The 1966 Kansas City Chiefs season was the team's seventh season and fourth in Kansas City. With an 11–2–1 regular season record, the Chiefs won the Western Division and defeated the Buffalo Bills to win their second AFL Championship, their first in Kansas City.
The American Football League, also in its seventh season, became a nine-team league in 1966 with the addition of the expansion Miami Dolphins. The 14-game AFL schedule had the teams play six opponents twice and the remaining two once, both from the other division. The sole games for the Chiefs in 1966 were against the New York Jets and Houston Oilers, both victories.
In previous years, the AFL title game concluded the season, but not in 1966, following the merger agreement in June. The Chiefs were invited to play in the inaugural AFL-NFL World Championship Game, later known as Super Bowl I, against the NFL's Green Bay Packers. After a competitive first half, the underdog Chiefs lost momentum and the Packers won 35–10.
The franchise's previous AFL title was four years earlier in 1962 as the Dallas Texans.
With an 11–2–1 record, the Chiefs clinched the Western division title with two games remaining on November 27, following a win over Jets in New York. This earned a berth in the AFL championship game, played on the road against the two-time defending champion Buffalo Bills (9–4–1), winners of the Eastern division for the third consecutive season.
Note: Tie games were not officially counted in the standings until 1972.
January 1, 1967, at War Memorial Stadium in Buffalo, New York
The host Bills entered the AFL title game as two-time defending champions, but the visiting Chiefs were three-point favorites, mainly because of their explosive and innovative offense led by head coach Hank Stram. The Bills were a more conventional team with a solid defensive line and a running mindset on offense. The two teams had split their season series, played early in the schedule without weather as a factor, with the road team winning each.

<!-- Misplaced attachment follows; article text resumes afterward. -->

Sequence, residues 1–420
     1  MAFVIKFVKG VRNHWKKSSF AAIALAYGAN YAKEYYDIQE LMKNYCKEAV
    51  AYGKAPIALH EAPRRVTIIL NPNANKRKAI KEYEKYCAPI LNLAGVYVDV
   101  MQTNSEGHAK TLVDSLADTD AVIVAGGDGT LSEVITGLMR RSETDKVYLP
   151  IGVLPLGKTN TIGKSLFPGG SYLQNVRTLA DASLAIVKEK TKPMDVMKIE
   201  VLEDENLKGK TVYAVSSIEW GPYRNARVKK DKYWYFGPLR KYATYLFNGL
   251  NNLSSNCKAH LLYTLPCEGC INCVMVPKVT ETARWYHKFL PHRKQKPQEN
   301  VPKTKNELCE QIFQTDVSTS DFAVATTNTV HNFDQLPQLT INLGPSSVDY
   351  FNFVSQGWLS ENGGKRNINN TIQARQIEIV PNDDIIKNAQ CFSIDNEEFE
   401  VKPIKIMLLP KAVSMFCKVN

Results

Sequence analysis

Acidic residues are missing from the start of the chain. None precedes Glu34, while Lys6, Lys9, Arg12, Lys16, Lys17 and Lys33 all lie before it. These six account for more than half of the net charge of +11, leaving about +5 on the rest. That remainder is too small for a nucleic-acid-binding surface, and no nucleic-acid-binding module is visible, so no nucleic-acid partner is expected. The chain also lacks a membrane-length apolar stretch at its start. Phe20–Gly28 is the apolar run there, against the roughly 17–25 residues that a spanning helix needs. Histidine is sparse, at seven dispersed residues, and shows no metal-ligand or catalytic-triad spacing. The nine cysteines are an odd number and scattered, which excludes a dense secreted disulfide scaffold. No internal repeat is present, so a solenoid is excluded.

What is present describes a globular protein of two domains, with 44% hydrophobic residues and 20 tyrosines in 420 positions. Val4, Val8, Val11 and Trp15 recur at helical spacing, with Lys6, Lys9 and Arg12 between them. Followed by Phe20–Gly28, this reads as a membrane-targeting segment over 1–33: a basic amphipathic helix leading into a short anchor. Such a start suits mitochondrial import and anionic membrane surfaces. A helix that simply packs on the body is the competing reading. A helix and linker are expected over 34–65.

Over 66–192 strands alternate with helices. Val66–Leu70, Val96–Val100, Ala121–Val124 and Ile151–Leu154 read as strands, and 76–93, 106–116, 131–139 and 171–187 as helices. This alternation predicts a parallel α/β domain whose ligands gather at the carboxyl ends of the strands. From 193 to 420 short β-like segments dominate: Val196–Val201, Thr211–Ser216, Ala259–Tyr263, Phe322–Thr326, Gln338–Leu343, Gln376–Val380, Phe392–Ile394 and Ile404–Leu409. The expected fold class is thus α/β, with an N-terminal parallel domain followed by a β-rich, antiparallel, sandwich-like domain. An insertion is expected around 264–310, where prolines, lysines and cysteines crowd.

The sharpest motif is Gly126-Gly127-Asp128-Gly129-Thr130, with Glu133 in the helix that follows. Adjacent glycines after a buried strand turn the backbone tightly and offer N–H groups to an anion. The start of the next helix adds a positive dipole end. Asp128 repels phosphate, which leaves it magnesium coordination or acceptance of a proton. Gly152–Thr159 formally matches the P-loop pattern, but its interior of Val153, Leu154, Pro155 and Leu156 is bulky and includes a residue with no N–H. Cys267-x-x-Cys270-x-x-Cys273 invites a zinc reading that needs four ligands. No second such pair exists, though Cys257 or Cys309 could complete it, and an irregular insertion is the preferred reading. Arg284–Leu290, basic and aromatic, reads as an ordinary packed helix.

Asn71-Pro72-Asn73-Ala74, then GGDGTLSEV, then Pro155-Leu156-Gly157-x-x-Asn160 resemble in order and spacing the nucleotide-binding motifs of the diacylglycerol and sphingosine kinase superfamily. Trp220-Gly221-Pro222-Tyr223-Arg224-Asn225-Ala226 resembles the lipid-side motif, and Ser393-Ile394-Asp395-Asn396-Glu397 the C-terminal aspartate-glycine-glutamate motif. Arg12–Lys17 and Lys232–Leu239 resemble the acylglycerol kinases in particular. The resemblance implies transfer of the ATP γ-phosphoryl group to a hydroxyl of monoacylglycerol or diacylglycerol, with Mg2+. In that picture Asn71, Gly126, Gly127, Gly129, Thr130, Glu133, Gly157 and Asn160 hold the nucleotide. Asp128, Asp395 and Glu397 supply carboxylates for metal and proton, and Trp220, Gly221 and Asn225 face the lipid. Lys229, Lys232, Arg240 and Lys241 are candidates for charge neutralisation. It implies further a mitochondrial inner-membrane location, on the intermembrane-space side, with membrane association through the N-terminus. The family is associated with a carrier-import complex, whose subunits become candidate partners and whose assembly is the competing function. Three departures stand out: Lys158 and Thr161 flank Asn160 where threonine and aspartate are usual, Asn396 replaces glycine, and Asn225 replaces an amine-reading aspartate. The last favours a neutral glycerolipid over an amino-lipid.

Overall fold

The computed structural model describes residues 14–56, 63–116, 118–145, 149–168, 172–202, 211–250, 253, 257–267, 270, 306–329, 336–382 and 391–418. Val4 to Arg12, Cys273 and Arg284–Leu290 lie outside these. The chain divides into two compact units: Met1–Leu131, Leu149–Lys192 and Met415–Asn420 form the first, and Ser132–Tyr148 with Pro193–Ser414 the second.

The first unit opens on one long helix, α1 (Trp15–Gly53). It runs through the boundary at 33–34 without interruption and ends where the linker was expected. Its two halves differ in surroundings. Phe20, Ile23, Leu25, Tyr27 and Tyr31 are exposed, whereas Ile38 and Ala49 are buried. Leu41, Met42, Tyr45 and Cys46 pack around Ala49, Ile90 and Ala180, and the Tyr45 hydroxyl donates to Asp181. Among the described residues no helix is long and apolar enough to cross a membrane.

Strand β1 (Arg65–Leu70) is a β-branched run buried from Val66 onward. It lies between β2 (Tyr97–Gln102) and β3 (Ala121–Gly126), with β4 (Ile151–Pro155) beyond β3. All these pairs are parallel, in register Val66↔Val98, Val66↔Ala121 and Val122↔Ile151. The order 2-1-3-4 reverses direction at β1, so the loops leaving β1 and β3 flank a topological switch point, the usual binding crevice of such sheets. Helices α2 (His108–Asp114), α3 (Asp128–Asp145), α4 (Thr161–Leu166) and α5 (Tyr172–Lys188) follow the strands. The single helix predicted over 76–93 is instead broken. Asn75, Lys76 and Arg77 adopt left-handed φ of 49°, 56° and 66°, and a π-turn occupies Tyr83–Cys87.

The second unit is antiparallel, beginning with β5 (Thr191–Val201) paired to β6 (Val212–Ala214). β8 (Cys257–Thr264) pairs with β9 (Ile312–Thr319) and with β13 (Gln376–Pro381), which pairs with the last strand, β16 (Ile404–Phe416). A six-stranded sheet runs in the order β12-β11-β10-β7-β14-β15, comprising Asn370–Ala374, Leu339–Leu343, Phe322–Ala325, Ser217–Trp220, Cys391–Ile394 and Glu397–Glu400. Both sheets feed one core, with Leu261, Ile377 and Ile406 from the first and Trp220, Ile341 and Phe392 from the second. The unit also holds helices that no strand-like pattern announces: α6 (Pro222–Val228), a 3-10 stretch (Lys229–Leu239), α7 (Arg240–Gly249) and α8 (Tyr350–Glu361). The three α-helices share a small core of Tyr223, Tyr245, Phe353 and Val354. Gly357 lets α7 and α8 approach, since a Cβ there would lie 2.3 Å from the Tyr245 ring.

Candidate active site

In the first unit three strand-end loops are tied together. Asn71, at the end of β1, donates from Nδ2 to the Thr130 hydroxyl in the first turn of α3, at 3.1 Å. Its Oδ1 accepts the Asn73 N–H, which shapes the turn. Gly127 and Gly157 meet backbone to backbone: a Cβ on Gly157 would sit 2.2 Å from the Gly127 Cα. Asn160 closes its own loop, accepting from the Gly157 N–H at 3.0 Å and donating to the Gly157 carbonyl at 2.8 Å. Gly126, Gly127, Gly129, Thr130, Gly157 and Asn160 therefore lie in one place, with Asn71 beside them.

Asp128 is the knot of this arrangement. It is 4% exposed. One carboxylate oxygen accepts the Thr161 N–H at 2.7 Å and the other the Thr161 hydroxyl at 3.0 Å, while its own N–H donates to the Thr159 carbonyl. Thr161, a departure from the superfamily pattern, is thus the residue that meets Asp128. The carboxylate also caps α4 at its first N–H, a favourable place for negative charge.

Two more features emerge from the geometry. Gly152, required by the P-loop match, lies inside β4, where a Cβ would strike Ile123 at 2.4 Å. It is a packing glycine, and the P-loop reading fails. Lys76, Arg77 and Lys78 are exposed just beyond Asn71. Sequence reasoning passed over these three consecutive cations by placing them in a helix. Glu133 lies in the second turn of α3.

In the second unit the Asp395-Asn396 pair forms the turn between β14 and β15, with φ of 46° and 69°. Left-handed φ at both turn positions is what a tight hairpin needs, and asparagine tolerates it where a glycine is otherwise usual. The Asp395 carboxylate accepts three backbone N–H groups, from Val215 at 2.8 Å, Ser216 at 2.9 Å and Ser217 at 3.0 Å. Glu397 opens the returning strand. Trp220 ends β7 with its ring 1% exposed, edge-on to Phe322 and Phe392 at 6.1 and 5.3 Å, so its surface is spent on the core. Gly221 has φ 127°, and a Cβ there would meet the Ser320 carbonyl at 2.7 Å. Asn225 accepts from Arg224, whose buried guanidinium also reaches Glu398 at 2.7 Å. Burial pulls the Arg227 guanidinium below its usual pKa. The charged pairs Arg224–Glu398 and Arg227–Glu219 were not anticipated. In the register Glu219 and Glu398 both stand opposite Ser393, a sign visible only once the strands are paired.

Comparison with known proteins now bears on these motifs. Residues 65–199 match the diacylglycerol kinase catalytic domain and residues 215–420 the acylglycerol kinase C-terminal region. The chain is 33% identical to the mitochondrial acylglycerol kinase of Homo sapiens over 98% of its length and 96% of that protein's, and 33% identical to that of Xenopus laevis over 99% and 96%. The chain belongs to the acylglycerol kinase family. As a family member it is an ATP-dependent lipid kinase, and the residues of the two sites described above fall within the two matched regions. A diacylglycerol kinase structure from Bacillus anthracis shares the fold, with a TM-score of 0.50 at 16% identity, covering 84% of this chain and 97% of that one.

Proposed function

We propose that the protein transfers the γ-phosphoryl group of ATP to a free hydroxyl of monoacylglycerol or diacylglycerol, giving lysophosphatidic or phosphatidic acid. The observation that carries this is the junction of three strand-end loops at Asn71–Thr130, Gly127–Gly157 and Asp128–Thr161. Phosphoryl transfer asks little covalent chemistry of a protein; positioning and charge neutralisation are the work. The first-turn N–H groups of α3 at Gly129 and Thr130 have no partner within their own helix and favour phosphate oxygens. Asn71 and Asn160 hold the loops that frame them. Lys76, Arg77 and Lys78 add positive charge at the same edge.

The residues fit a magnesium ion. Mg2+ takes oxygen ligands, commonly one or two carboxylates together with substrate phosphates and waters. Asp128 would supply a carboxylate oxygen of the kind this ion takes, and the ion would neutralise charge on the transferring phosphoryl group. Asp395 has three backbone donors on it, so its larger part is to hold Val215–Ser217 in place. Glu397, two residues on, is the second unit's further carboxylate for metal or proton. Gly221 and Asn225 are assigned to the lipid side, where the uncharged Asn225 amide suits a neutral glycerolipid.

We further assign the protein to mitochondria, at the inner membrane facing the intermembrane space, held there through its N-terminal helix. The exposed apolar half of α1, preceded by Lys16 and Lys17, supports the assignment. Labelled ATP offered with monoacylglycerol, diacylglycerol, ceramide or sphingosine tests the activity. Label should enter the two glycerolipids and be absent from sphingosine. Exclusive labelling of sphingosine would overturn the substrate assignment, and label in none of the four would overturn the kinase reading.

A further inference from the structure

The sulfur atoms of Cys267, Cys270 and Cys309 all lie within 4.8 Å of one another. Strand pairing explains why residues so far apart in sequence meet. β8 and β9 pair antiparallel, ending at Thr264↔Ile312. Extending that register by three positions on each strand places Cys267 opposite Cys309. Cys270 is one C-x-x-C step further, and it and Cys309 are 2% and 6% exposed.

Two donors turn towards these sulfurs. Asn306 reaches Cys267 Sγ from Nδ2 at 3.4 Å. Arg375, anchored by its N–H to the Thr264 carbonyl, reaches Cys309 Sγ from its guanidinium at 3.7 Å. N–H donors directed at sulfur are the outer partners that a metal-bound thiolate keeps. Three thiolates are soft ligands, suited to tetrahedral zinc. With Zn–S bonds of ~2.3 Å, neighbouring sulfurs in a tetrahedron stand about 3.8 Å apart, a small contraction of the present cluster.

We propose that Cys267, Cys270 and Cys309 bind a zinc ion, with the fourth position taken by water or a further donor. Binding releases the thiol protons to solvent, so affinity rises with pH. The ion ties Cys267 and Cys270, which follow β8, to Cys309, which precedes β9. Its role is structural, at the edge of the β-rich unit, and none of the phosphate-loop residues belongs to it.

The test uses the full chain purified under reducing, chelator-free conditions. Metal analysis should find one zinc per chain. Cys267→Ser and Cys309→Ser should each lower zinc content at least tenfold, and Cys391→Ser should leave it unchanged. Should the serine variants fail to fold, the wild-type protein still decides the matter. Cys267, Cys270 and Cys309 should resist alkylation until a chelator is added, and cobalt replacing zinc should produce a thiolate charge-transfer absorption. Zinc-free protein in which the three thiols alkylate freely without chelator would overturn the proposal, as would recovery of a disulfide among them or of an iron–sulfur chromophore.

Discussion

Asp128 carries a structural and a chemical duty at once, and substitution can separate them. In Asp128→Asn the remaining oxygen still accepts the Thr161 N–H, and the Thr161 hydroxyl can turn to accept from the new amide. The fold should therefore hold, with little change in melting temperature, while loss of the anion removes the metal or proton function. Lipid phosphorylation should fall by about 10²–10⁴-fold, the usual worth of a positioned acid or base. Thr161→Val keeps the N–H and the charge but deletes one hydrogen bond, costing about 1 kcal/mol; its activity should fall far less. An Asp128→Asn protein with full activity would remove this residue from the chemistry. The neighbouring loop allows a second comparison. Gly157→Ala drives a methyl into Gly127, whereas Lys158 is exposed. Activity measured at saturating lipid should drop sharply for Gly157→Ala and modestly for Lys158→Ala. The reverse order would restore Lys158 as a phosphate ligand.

Played in a chilly drizzle, a Bills fumble on the opening kickoff gave the Chiefs a short field to work with. Quarterback Len Dawson immediately took advantage of it, hitting Fred Arbanas for the game's first score. Buffalo quarterback Jack Kemp's first pass for the Bills was a 69-yard score to Elbert Dubenion. Late in the second quarter and trailing 14–7, Kemp led the Bills to the Kansas City 10. Bobby Crockett was open in the end zone, but Kemp's pass was intercepted by Johnny Robinson, who returned it 72 yards. That set up a Mike Mercer field goal to close out the first half with a ten-point lead.
Buffalo found no offensive rhythm in the second half, and the third quarter was scoreless. The Chiefs closed the game out in the fourth quarter with Dawson found Chris Burford for a 45-yard gain, setting up a one-foot touchdown run by rookie running back Mike Garrett, extending the lead to 24–7. Garrett scored his second touchdown less than two minutes later, following another Bills fumble.First quarter
KC – Arbanas 29 pass from Dawson (Mercer kick), KC 7–0
BUF – Dubenion 69 pass from Kemp (Lusteg kick), 7–7 Tie
KC – Taylor 29 pass from Dawson (Mercer kick), KC 14–7
KC – Field goal Mercer 32, KC 17–7
KC – Garrett 1 run (Mercer kick), KC 24–7
KC – Garrett 18 run (Mercer kick), KC 31–7
Upon their return to Kansas City, the Chiefs were greeted by 12,000 fans at the airport. They split their players' shares for the title game 51 ways, or $5,308 each.
January 15, 1967, at Los Angeles Memorial Coliseum in Los Angeles, California
The first AFL-NFL World Championship Game, later known as Super Bowl I, was played at the Los Angeles Memorial Coliseum on January 15, 1967. The Chiefs faced the Green Bay Packers of the NFL, who finished their regular season at 12–2 and won the NFL championship game, their second consecutive and fourth in six seasons.
The Packers jumped out to an early 7–0 lead with quarterback Bart Starr's 37-yard touchdown pass to reserve receiver Max McGee, who had entered the game a few plays earlier for re-injured starter Boyd Dowler. Early in the second quarter, Kansas City marched 66 yards in 6 plays to tie the game on a 7-yard pass from quarterback Len Dawson to Curtis McClinton. But the Packers responded on their next drive, advancing 73 yards down the field and scoring on fullback Jim Taylor's 14-yard touchdown run with the team's famed "Power Sweep" play. With a minute left in the half, the lead was cut to 14–10 on Mike Mercer's 31-yard field goal.
Early in the second half, Dawson was intercepted by safety Willie Wood, who returned it 50 yards to the 5-yard line. On the next play, running back Elijah Pitts rushed for a touchdown, and the Packers led 21–10. Late in the third quarter, McGee scored his second touchdown of the game with a 13-yard reception from Starr, as Green Bay held the Chiefs' offense to 12 yards in the quarter. Pitts scored another touchdown for the Packers from a yard out midway through the fourth quarter for the final score, 35–10. Starr was named the MVP of the game, completing 16 of 23 passes for 250 yards and two touchdowns.First quarter
GB – McGee 37 pass from Starr (Chandler kick), 7–0 GB
KC – McClinton 7 pass from Dawson (Mercer kick), 7–7 Tie
GB – Taylor 14 run (Chandler kick), 14–7 GB
KC – FG Mercer 31, 14–10 GB
GB – Pitts 5 run (Chandler kick), 21–10 GB
GB – McGee 13 pass from Starr (Chandler kick), 28–10 GB
GB – Pitts 1 run (Chandler kick), 35–10 GB
The Kansas City players received $7,500 each as runners-up; combined with the AFL title game money, each Chief earned over $12,800 in the two-game postseason.